Hanala: "I believe in monogamy. I was monogamous for the 18 years of my marriage. I don't believe my husband cheated on me. He didn't have the self-worth. He didn't believe that any other woman would have him."
Luke: "What does it mean to you to be on TV?"
Hanala: "I'm comfortable in front of an audience. TV is my dream job."
Luke: "Do you feel most alive when you're on camera?"
Hanala: "Yeah. I love it."
"My parents are hysterical. When I asked my mother why she married my father, she said, 'He dressed nice and he had a bike.'
"My sister is as funny as a chair. She has no sense of humor."
Luke: "Your time as a [community access] TV host has prepared you for interviews."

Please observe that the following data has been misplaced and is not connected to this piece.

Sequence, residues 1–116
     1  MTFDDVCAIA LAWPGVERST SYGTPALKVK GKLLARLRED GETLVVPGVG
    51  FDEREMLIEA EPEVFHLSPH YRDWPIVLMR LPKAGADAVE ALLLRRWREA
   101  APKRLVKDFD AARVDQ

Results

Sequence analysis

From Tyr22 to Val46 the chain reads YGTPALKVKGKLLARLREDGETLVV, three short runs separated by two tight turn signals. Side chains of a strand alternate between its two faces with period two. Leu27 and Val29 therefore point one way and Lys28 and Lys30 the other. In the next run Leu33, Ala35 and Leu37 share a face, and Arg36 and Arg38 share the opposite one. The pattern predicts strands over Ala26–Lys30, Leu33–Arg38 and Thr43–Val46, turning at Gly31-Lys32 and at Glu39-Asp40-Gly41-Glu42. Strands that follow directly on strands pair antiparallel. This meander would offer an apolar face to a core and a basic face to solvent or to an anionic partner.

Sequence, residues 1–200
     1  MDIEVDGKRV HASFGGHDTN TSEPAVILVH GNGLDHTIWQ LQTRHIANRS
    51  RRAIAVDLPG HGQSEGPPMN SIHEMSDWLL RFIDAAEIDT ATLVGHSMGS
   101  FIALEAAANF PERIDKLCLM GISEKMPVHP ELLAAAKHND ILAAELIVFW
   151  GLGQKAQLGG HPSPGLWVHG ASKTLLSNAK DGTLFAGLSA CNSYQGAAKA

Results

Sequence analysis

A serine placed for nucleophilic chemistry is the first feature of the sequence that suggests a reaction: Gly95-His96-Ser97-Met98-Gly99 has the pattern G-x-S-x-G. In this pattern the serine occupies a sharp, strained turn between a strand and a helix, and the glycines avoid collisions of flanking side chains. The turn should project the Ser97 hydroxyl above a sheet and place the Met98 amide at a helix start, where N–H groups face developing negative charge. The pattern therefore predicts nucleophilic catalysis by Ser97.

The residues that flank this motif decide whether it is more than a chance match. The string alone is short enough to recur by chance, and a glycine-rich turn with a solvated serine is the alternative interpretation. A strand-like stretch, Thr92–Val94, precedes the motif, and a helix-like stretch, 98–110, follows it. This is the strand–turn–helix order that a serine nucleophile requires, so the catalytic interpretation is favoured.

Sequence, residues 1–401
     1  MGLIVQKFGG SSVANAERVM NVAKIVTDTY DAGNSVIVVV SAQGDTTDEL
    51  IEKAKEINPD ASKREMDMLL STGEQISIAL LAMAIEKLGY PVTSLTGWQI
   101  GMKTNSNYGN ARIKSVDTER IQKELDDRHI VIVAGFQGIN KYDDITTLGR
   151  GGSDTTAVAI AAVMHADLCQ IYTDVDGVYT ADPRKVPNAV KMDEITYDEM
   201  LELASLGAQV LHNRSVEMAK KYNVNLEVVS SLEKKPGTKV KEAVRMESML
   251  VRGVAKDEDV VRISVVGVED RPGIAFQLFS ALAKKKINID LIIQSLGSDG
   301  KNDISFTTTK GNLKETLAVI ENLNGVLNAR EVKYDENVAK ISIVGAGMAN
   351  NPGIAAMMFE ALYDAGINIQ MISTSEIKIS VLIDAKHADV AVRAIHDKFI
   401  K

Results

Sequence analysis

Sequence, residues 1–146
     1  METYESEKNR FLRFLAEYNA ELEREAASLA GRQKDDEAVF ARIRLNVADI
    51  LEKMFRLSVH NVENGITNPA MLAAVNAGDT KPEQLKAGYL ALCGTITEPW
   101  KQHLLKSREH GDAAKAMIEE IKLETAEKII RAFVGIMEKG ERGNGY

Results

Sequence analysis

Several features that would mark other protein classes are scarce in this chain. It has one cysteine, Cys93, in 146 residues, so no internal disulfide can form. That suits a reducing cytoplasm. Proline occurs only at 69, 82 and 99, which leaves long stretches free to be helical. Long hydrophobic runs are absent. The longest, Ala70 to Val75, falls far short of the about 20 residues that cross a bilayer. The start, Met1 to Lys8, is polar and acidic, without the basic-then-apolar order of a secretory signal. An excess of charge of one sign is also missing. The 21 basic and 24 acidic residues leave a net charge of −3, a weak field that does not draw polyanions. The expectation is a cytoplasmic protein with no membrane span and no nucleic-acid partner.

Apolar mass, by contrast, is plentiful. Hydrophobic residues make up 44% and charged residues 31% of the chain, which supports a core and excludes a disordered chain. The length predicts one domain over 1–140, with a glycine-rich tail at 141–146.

Hanala: "I didn't do too much interviewing on my show. It was all about me. I was more of a storyteller.
"I talk in my book about how my mother is narcissistic. If my mother wasn't cold, I didn't need a sweater. I picked up some of that narcissism. If your needs aren't being met, you learn to get them met any way you can."
Luke: "How did your ex-husband react to your book?"
Hanala: "He's heard about it. People have told him that I didn't pain him in the best light but he can't make himself read the book, just like he can't make himself see our dog. It's too painful.
"There's so much I didn't tell because I don't want to hurt him. He probably didn't like me telling certain stories but tough. Let him write his own book."
Luke: "Do you participate in Jewish life?"
Hanala: "I went to services a couple of times because I have a friend -- Rabbi Mintz at Chabad of Bel Air. His wife is the best cook in Los Angeles. But I'm more spiritual than religious. But I'm very religious. If I had to pick one religion, I'd be a Jubu (Jewish and Buddhist)."